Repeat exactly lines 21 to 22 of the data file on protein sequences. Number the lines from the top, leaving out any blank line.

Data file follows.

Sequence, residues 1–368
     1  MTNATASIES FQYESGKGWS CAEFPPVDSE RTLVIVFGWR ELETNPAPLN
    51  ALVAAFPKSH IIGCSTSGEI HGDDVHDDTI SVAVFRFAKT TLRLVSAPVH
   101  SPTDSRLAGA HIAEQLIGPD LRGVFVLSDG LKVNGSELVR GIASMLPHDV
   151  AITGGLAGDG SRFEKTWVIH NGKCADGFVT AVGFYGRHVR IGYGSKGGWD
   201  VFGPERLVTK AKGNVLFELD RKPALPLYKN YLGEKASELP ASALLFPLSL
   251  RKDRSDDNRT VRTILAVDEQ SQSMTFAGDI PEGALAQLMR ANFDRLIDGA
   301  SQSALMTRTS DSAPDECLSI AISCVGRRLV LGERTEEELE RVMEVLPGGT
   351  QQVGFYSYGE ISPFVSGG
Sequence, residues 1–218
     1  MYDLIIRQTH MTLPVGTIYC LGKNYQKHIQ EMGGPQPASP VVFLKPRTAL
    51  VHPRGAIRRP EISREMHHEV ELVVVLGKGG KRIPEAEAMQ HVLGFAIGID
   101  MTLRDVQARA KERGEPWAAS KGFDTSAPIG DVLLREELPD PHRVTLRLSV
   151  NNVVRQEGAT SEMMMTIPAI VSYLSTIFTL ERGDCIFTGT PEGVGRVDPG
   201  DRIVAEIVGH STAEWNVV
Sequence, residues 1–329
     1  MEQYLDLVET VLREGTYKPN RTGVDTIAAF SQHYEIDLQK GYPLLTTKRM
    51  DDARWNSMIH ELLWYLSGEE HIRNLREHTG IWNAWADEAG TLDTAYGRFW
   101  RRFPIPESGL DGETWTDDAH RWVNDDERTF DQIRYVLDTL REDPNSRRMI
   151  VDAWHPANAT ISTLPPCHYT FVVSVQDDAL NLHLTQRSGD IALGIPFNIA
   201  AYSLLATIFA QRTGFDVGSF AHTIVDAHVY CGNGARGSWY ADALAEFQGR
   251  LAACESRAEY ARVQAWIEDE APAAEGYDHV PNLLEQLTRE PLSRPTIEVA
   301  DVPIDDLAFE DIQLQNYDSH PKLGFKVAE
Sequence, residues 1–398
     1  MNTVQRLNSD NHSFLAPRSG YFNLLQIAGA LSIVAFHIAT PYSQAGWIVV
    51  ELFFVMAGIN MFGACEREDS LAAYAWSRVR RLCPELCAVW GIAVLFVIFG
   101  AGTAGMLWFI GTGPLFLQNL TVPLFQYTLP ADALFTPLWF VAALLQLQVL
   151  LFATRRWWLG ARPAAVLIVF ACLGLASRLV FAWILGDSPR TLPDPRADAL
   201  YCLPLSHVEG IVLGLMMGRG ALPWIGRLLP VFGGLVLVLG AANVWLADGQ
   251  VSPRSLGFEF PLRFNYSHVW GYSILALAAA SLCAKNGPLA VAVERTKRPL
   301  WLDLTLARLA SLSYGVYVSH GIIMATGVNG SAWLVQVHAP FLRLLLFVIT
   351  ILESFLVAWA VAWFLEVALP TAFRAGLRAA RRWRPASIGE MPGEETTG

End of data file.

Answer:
   201  AYSLLATIFA QRTGFDVGSF AHTIVDAHVY CGNGARGSWY ADALAEFQGR
   251  LAACESRAEY ARVQAWIEDE APAAEGYDHV PNLLEQLTRE PLSRPTIEVA